HayStackJosh Davy, Tehama County Cooperative Extension Farm Advisor and Peter Robinson, Cooperative Extension Nutrition Specialist


This blog post was adapted from the UCCE Tehama – Livestock and Rangeland News – April 2016*


The series of storms this spring across Northern California was welcome on rangelands during the continuing drought.  Although these storms helped rangeland managers, the rains made for some risky decisions on timing hay cuttings – resulting in a lot of rained-on hay. As every rancher knows, this can lead to a lot of hay on the market with various levels of mold.


Although moldy hay can be inexpensive to buy, it may result in expenses later. Mold that grows on rain damaged hay can cause feed avoidance (and so wasted $ spent on purchasing the hay), sub-acute toxicity (sick livestock) and even acute toxicity (death). Here are some important points to consider about moldy hay….


  1. Horses should never be fed moldy hay, while cattle can consume some moldy hay.


Generally the mold itself does not make cattle sick.  It is the toxins created by some types of molds that are the culprits.  Molds that do not create toxins are not particularly dangerous to cattle, although they may still result in feed avoidance. While drying hay in the sun stops mold growth, the toxins and not impacted and can still be a threat to cattle if consumed.


  1. Cattle will naturally avoid consuming most moldy hays.


This is presumably due to learned behavior that mold makes them sick. In the case of bales with moldy exteriors, they will generally avoid exterior hay in favor of the center of the bales. The center is less moldy due to a lack of oxygen and moisture. 


  1. When you combine hungry cattle and moldy hays there is potential for disaster.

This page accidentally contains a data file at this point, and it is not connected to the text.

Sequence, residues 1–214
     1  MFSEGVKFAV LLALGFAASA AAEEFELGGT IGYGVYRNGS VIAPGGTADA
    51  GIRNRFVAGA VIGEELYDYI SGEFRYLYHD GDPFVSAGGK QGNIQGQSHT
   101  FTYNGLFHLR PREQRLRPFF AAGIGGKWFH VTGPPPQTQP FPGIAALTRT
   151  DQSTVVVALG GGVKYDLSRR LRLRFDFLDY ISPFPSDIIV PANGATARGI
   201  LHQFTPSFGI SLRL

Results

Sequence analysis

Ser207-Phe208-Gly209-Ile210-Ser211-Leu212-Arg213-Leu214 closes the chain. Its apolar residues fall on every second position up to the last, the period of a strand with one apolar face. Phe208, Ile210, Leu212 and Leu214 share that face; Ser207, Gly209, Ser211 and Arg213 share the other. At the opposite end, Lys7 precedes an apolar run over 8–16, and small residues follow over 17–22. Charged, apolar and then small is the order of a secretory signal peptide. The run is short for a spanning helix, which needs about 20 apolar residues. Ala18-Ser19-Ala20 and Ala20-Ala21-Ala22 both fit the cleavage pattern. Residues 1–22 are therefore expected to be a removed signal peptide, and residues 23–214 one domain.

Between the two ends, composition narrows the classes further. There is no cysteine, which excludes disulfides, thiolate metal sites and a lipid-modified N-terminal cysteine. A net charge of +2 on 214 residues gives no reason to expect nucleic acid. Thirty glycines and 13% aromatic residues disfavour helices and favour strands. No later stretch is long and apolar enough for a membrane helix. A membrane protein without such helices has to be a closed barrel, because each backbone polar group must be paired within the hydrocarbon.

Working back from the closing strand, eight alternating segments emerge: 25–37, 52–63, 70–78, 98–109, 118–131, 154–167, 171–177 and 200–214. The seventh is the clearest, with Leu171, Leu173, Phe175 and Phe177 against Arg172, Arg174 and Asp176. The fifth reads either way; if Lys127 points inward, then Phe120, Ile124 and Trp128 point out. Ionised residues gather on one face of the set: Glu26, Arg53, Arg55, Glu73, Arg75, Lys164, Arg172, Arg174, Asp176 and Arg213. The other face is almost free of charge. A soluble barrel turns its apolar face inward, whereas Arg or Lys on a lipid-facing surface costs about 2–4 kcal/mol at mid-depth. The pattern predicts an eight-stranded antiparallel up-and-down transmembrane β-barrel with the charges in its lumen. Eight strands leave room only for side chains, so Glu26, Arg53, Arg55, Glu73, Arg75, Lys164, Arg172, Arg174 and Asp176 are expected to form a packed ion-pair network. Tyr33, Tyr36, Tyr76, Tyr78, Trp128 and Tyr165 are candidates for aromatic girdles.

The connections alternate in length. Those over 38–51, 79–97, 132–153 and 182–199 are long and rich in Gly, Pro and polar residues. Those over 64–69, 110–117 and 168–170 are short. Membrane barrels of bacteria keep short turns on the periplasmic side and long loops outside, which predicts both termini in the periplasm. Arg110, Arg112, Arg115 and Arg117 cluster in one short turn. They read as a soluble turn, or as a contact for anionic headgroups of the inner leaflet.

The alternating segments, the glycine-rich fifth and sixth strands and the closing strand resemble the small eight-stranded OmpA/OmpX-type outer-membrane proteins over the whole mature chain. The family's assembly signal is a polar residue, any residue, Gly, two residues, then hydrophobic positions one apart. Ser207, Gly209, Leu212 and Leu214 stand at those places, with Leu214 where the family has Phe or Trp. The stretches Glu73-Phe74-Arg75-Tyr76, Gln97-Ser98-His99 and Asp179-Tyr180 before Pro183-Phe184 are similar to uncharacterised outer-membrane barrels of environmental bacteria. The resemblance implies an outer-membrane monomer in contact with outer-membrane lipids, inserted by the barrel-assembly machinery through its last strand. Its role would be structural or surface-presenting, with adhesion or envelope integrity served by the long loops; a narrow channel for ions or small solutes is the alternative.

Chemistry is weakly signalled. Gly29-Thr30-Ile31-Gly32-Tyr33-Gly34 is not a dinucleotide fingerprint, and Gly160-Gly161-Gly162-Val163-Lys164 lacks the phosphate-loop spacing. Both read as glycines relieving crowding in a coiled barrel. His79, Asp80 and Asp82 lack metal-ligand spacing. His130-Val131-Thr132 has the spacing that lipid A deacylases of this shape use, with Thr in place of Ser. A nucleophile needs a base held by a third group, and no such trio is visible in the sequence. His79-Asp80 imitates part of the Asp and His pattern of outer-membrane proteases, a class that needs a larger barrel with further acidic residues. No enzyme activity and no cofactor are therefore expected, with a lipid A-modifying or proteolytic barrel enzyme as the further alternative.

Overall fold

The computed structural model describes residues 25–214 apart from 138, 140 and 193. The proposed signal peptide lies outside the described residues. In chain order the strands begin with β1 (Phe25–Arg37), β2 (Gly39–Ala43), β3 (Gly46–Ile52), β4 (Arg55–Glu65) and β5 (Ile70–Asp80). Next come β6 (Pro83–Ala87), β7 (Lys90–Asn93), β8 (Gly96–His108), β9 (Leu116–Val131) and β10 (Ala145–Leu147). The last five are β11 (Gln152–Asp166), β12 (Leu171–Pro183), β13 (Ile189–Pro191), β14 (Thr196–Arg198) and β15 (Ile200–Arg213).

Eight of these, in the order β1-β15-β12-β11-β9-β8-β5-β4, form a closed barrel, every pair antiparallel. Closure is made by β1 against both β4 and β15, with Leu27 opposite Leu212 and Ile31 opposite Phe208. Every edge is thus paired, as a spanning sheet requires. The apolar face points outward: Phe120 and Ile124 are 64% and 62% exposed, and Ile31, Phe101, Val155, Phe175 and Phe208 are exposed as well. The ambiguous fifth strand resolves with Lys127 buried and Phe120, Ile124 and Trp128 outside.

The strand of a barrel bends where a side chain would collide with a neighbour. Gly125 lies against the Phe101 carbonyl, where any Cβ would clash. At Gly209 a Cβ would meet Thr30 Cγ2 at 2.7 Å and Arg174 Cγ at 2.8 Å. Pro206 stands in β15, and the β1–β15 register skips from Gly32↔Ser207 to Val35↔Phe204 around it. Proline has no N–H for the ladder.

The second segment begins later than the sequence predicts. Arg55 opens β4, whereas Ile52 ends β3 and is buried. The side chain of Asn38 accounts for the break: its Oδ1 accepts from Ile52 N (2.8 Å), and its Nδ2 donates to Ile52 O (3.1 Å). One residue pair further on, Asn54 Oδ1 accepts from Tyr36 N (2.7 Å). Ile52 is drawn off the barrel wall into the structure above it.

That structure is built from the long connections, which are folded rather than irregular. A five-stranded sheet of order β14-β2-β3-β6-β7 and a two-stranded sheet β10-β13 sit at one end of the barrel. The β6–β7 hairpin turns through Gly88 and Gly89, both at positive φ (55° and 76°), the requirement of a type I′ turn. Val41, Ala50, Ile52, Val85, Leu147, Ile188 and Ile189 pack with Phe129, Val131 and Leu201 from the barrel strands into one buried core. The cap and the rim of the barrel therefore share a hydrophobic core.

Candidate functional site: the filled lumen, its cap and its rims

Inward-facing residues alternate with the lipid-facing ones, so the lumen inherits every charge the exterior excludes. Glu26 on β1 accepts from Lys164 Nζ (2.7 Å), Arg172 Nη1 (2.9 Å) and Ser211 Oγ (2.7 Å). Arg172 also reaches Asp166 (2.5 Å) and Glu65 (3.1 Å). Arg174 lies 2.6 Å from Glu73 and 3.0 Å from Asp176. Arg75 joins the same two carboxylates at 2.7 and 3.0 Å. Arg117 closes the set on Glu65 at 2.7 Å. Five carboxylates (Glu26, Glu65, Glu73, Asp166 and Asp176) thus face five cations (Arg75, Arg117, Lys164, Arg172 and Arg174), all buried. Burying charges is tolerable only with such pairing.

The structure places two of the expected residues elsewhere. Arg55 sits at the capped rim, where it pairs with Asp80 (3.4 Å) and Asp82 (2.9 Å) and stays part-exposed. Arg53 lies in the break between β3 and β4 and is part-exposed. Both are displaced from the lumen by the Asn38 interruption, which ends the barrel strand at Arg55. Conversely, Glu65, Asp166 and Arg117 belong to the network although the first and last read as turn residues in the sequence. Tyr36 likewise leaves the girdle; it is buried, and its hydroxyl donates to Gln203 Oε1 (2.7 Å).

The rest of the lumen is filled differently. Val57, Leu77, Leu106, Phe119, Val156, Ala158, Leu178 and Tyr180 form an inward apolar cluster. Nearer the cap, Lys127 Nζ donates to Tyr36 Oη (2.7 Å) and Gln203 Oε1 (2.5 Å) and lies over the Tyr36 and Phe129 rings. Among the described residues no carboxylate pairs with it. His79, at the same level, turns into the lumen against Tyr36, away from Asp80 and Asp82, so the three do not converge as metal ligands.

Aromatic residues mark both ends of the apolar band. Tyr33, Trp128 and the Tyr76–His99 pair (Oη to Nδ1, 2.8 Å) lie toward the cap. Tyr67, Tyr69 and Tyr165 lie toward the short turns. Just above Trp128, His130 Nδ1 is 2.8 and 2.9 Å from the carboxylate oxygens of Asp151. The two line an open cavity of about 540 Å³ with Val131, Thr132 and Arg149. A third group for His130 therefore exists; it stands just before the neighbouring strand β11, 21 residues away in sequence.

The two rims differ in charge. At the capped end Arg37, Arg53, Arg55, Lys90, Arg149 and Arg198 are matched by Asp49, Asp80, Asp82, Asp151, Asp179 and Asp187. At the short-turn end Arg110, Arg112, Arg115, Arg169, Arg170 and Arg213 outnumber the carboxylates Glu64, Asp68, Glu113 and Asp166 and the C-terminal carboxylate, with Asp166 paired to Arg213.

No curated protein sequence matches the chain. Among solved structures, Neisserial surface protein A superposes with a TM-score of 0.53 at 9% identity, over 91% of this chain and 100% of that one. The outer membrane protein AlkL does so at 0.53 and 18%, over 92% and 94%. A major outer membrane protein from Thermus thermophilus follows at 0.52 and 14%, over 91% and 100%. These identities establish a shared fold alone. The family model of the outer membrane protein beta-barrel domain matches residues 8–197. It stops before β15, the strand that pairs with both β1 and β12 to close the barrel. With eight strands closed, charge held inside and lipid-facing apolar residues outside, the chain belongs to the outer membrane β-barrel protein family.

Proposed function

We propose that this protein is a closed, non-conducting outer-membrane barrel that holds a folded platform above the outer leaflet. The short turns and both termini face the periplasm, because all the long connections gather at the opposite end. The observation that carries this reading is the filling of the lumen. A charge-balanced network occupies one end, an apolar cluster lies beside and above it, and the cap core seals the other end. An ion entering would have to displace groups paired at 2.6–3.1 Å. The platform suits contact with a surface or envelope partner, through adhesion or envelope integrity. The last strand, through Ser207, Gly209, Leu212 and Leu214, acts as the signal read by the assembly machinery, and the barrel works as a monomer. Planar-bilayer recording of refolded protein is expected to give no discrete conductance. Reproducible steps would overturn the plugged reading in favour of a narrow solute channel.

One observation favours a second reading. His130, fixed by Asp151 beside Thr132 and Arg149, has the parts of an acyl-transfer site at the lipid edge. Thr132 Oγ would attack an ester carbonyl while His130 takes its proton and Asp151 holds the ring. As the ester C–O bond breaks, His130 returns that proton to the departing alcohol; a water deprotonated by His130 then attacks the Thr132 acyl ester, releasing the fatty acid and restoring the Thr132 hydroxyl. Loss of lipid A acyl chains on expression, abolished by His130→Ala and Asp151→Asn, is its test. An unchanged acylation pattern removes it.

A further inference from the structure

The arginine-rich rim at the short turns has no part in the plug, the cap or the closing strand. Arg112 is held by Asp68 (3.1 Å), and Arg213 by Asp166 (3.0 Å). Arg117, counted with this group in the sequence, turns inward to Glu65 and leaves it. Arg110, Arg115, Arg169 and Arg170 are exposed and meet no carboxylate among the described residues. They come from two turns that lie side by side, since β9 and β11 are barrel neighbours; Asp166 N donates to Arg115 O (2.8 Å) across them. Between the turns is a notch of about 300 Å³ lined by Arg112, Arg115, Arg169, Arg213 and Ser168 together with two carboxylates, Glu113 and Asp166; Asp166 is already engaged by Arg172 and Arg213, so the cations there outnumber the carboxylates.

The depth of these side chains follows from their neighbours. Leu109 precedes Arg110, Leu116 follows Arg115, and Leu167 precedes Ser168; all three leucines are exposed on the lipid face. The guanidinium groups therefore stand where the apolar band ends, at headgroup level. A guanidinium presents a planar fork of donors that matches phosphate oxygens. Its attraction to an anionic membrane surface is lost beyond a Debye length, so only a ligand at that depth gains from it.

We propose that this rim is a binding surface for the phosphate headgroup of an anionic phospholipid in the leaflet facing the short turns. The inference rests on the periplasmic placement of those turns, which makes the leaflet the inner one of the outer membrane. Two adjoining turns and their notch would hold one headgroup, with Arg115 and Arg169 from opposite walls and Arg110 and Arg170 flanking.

Hunger may overcome the cattle’s’ learned avoidance behavior and result in overconsumption of mold and toxins.


  1. Including moldy hay in a total mixed ration can also create risk.


This is because animals can no longer easily avoid moldy hay and thus toxins. However, this can also reduce risk by diluting the molds in the total diet consumed. 


  1. Bottom-line it is the mold count in the whole diet that determines risk.


It is not difficult or expensive to send hay samples to the lab for mold count analysis. There are guidelines (see below) on how much risk is associated with feeding moldy hay based on these counts. It is assumed that the higher the mold count the greater the likelihood that there will be toxins. While the actual mold species can be identified this is expensive and may only identify some of the dangerous molds.  In other words if the molds are identified that are known toxin producers it does not mean that they produced molds and a toxin producing mold could be missed and so its toxins could be present.


Below is a 6 tier risk scoring system based on mold counts. This is useful when feeding total mixed rations where cattle selectivity is very limited. It is also useful when the diet is primarily hay.


Risk Tier Mold Count So What?
1 <500,000 Suggests low mold levels and no threat
2 <1,000,000 Safe to feed
3 <2,000,000 Caution is advised
4 <3,000,000 Closely observe cattle for abnormal symptoms
5 <4,000,000 Dilute prior to feeding with mold free feed to reduce levels in the diet
6 >5,000,000 Do not feed unless at very low levels and in a very well mixed ration


If abnormal symptoms are observed, then access to the feed by the cattle should immediately be stopped.


You can read more details on feeding rained on hay here, here or find a forage testing lab here.

Also, more recent news about hay found here!